The latest are reports from the UK's Sunday Times newspaper claiming a Qatari official paid more than $5 million to secure support for his country's bid.

That prompted some of FIFA's main partners -- who are believed to pay around $180 million in sponsorships -- like Adidas and Sony to voice their concerns.

"We expect these allegations to be investigated appropriately, and continue to expect FIFA to adhere to its principles of integrity, ethics and fair play across all aspects of its operations," Sony said in a statement.

A perfect market storm
The business of comic books
Doha opens giant $15 billion airport
Tony Blair on radical Islam

An independent FIFA investigator is looking into the claims and his findings are expected in July. Qatar says they are cooperating in the probe and that it won the bid fairly.

But the debate has now raised questions about whether Qatar could lose the 2022 tournament.

Some like UEFA boss, Michel Platini, believe a re-vote is necessary if corruption accusations are proven.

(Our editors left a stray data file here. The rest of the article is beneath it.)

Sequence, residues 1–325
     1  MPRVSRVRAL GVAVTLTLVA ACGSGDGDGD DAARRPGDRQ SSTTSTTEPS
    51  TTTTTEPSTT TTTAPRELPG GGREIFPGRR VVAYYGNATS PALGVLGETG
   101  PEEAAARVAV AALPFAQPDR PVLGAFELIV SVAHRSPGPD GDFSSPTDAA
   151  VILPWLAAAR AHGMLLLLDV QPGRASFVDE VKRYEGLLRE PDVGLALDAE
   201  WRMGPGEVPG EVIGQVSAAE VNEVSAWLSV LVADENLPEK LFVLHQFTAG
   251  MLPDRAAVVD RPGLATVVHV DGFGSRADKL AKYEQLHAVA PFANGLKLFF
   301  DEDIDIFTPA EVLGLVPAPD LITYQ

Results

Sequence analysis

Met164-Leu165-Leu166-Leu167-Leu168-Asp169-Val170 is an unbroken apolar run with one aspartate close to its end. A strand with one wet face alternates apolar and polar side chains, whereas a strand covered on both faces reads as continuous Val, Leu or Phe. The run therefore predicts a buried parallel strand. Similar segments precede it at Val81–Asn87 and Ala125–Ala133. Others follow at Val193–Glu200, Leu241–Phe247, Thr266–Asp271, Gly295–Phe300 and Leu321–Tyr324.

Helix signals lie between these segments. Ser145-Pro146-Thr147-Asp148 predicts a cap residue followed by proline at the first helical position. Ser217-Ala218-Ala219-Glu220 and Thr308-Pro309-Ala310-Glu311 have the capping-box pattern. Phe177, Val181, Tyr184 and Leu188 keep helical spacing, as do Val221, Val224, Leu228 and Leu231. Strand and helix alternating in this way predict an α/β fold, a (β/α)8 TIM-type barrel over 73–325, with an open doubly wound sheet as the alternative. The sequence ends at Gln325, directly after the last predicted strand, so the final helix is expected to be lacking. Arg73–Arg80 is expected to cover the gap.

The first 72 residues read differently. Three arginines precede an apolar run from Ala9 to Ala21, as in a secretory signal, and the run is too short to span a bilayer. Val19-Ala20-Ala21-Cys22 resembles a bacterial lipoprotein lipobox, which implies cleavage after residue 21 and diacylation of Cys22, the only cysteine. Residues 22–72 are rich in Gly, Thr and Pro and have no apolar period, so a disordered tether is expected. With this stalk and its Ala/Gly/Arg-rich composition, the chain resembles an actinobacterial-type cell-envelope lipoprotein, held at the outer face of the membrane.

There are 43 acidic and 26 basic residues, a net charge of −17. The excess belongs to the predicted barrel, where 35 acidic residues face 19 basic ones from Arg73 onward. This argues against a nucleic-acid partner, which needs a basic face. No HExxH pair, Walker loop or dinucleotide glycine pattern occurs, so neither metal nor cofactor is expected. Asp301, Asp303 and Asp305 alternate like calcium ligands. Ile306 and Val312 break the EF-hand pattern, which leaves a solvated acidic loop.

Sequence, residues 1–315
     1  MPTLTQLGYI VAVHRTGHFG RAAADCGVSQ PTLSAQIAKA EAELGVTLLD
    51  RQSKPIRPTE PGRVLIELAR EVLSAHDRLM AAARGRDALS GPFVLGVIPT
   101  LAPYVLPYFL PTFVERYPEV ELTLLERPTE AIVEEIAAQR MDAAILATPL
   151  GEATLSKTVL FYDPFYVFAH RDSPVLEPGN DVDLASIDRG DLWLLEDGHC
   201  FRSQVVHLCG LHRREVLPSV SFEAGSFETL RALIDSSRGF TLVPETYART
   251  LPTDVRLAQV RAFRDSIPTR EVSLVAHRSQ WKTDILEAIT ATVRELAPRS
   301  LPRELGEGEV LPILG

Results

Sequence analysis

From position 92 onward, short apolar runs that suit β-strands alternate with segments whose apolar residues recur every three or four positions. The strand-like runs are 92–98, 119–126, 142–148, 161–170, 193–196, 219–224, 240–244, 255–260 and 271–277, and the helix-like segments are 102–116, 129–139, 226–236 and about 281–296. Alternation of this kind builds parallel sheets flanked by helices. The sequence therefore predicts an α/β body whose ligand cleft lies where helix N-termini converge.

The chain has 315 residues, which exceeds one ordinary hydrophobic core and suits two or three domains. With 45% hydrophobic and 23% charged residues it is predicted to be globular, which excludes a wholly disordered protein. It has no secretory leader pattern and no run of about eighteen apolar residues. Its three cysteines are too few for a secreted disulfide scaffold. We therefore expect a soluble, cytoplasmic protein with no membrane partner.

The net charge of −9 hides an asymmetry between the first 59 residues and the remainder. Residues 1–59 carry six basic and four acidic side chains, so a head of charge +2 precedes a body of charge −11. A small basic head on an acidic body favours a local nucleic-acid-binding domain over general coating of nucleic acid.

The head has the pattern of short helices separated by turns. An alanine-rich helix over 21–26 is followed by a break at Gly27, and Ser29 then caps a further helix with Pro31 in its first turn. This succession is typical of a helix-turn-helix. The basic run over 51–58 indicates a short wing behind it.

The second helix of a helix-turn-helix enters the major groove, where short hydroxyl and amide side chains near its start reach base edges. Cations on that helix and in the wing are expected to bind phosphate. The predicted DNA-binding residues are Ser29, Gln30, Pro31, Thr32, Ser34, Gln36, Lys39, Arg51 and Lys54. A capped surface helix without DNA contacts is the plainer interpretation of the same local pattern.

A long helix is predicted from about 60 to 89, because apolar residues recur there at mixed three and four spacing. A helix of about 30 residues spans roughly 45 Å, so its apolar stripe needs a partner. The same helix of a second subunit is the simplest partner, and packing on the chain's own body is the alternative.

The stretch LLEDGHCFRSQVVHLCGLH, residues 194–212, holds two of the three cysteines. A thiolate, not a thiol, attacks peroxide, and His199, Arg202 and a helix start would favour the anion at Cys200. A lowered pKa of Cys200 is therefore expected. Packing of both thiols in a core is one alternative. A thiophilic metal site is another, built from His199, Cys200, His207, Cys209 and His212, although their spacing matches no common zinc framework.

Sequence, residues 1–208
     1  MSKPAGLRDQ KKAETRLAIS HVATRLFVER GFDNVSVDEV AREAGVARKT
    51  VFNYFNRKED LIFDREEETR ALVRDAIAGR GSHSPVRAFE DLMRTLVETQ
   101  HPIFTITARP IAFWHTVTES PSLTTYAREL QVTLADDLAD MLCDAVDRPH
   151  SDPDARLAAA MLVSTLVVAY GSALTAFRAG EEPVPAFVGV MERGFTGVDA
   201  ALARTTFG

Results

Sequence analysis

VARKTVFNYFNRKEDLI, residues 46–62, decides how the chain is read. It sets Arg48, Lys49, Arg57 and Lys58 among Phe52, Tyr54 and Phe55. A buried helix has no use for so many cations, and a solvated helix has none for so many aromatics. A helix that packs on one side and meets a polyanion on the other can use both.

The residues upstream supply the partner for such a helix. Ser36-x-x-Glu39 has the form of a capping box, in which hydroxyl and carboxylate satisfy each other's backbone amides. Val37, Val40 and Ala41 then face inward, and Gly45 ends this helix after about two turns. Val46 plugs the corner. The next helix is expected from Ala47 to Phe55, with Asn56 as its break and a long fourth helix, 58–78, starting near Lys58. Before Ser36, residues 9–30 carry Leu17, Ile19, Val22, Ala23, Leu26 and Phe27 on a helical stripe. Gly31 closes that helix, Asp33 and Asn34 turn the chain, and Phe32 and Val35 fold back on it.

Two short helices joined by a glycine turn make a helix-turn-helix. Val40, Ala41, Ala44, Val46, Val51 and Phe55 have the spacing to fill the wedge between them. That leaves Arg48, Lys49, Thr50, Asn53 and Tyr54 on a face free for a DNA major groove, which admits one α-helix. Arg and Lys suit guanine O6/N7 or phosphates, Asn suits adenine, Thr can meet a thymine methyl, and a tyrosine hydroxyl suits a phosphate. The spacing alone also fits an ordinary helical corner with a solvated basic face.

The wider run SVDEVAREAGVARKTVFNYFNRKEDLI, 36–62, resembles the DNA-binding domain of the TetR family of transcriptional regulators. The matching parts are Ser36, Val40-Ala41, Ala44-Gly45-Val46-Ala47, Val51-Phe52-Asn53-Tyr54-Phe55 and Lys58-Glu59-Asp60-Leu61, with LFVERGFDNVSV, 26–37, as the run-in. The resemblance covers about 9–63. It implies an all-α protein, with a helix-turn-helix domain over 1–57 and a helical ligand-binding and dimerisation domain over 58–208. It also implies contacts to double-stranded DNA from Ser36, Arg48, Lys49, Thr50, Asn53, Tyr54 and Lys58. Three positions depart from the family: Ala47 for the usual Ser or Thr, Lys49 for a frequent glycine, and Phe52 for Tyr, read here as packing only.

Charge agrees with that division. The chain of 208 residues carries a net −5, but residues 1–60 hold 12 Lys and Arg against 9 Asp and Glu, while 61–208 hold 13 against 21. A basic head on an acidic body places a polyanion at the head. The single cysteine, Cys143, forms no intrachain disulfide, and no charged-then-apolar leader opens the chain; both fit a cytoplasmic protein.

As a result, doubt has been cast on whether the country should continue its preparations.

Work on the first stadium has already begun and the government has earmarked much of this year's $62 billion budget for World Cup infrastructure spending.

Without the tournament, some building plans could slow down.

"The decline in construction activities is going to have an impact on overall GDP growth," said Farouk Soussa, chief economist for the Middle East at Citigroup Global Markets. "If you look long term, the bigger risk is the loss of brand Qatar."

"Qatar has ambitions to be the regional hub for congress, finance, tourism, etc. The world cup was an integral part of that plan," Soussa added.

But Qatari officials say plans will go ahead.